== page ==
Unless you plan to always ride by yourself, drafting is an essential skill for the cyclist–both indoors and out. Here’s everything you need to know about drafting in Zwift.

Why Draft?

The goal of drafting in Zwift is to conserve energy, just as it is outdoors. The amount of energy saved by drafting is no “marginal gain”–it is literally the difference between winning and losing in every bike race.

Estimates vary, but the number most often thrown around outdoors is a 30% power savings when drafting behind just one other rider.

Example: you could put out 210 watts while drafting and maintain the same speed as the rider ahead of you who is putting out 300 watts–assuming you’re both the same size, weight, CdA, etc.

Riding in a large pack will reduce wind resistance even more, resulting in greater power savings. Scientists studied the draft affect of a large peloton (121 riders) and found that wind resistance in the “sweet spot” of this large group was only 5-10% what a solo rider would experience. Incredible!

Drafting Power Savings in Zwift

Based on our (admittedly limited) tests, drafting in Zwift behind a single rider gets you a power savings of approximately 25%. Using power emulators on a closed course, we had one rider sustain 300 watts while another ride drafted behind. We found a rider could stay in this 300-watt draft at 225 watts while on relatively flat ground.

Changes in pitch effect these numbers, as gravity comes increasingly into play. Using the above power numbers, the front rider will pull away on an incline. But when a decline hits, it will take even fewer watts to stay in the draft.

The draft effect in Zwift is enhanced in larger groups – see our tests of 4-rider drafting for more info.

The Challenges of Zwift Drafting

Zwift HQ has done a commendable job with their drafting algorithms to create something that works well in small and large packs for a variety of riders. That said, drafting in Zwift takes some getting used to, even if you are familiar with drafting in real life. Here are the differences:

  • No steering: outside you can steer in and out of a draft. Unless you’ve got a Sterzo Smart in a steering-enabled event, there is no steering on Zwift pavement. This means sometimes the game places you behind someone you are trying to avoid, or doesn’t place you behind someone you’re attempting to draft behind.
  • No brakes: when you ride outside, you can tap your brakes to maintain the proper distance off the back tire of the rider in front of you. There are no brakes in Zwift, so your front to back position in the pack becomes a matter of putting down the right amount of power at the right time.
  • Limited and delayed sensory feedback: outside you can feel when you’re in the draft: the air resistance decreases and you don’t have to work as hard to keep the pace. On Zwift, there are very limited cues as to when you are in the draft or not, and resistance does not decrease when drafting. Additionally, if you need to modify your power output to stay in the draft, the response (your avatar moving in response to your power change) is not as immediate as it would be in real life.

Drafting Cues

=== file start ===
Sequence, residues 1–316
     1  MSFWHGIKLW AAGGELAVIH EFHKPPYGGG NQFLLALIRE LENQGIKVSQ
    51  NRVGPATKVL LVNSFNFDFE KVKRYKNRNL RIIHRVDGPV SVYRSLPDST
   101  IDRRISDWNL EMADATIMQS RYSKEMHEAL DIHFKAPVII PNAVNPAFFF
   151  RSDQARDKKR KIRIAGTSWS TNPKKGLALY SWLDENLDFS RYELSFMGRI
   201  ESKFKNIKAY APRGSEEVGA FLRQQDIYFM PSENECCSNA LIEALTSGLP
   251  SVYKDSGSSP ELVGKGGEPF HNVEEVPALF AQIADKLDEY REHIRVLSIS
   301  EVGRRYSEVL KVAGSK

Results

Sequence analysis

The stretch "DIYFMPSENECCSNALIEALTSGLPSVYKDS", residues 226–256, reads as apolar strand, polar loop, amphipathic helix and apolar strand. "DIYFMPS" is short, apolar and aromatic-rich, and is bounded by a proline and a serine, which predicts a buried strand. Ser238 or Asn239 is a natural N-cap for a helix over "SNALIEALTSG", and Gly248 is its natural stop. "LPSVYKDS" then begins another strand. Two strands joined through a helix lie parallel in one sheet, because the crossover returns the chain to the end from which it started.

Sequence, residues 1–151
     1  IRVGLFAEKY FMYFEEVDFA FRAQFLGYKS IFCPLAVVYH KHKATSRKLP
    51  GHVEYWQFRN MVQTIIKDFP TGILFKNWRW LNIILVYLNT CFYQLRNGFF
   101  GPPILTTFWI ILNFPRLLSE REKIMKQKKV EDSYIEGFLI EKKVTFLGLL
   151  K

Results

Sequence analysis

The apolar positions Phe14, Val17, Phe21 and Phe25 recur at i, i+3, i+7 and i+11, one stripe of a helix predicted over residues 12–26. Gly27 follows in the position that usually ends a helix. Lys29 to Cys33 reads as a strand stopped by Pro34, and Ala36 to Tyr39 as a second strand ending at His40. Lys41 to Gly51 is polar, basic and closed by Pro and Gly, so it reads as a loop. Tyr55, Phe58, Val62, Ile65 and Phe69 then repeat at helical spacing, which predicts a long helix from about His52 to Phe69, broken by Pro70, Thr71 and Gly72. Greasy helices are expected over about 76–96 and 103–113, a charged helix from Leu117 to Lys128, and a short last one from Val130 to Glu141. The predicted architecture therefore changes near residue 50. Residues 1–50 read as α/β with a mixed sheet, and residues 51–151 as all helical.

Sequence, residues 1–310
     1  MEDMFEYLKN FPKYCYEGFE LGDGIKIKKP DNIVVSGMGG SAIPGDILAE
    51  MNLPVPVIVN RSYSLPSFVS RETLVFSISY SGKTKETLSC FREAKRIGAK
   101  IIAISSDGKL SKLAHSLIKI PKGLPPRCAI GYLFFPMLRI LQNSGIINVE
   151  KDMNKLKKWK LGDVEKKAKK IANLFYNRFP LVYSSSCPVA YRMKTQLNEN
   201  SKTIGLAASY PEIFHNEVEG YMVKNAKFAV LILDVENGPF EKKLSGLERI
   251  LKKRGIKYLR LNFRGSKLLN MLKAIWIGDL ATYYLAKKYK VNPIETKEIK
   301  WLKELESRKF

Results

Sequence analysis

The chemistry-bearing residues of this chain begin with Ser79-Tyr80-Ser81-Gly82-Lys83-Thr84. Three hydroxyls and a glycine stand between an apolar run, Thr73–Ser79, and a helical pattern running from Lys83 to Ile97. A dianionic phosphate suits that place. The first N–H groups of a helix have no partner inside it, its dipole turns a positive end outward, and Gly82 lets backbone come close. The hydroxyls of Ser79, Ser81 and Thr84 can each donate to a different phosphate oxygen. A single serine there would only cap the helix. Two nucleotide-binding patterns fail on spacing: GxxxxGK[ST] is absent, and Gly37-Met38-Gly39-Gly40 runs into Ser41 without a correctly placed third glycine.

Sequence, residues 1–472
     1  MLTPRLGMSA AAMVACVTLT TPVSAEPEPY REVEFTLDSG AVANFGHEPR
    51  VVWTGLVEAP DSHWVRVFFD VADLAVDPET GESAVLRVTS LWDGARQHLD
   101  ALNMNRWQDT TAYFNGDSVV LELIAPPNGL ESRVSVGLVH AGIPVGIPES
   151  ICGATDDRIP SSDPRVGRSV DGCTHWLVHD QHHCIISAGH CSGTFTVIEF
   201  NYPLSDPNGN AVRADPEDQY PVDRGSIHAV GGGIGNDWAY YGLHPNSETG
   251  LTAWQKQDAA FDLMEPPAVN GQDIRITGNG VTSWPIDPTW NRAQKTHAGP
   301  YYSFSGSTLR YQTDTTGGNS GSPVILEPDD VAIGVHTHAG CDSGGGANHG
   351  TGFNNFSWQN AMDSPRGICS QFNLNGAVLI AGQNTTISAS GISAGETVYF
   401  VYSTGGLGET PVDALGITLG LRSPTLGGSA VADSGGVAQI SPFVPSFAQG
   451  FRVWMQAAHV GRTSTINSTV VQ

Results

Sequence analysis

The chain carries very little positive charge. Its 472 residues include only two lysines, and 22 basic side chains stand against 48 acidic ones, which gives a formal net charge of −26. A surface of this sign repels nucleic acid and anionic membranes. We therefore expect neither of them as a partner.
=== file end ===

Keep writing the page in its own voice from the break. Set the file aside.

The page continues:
Zwift uses the visual cue of sitting up (riding with your hands on the hoods instead of the drops) as an indicator that you are in the draft. It can be a little confusing though, since Zwift will also have your avatar sit up at slow solo speeds.

If you are moving at 33kph or more and your avatar is sitting up (on the hoods), you are in the draft.

Your avatar will begin riding on the hoods, but as you speed up to 32-33kph your avatar will move to the drops. If you are in the drops and begin to slow down, your avatar will move to the hoods as you hit 29-30kph.

The Tron bike has no “sitting up” animation, so even though you are experiencing the draft effect, your avatar will never change position on the Tron.

Drafting Tips and Notes

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Draft Boost (Van) Powerup

The draft boost powerup doubles the strength of whatever draft you are experiencing for 30 seconds. It only works if you are in the draft, so use it in the pack to save some energy.

Dial It In

Because of how Zwift’s “sticky draft” works, there is a “wattage window” within which you can hold a rider’s wheel. For example: you may be holding a wheel at 240w, but if you reduce your power to 220w you’ll still hold the wheel.

In a small group, it’s worth easing off the pedals to figure out just how much power you actually need to hold the wheel, so you aren’t putting out more wattage than necessary.

Double Draft Mode

Zwift has an event mode called “double draft” which gives riders twice the standard Zwift draft effect. This is only used in particular events or races and has the effect of keeping the pack together while increasing overall pack speed. Read more about it >

Steering Challenges

Since Zwift steers for you automatically, you may at times find yourself being steered out of the draft. If this happens while you’re attempting to stay in the draft, simply keep your power at a level that keeps you in a good position to get the draft, and Zwift will typically steer you into the draft soon enough.

TT Bikes Do Not Draft

On Zwift, TT bike frames do not experience a draft effect. You can draft behind a TT rider, but the TT rider will not get any benefit from riding behind anyone else.

Flick that Elbow!

Just like outdoors, you can use the elbow flick motion (F1 on your keyboard, or in your list of motions on the Companion app) to signal to other riders that it’s their turn to take a pull.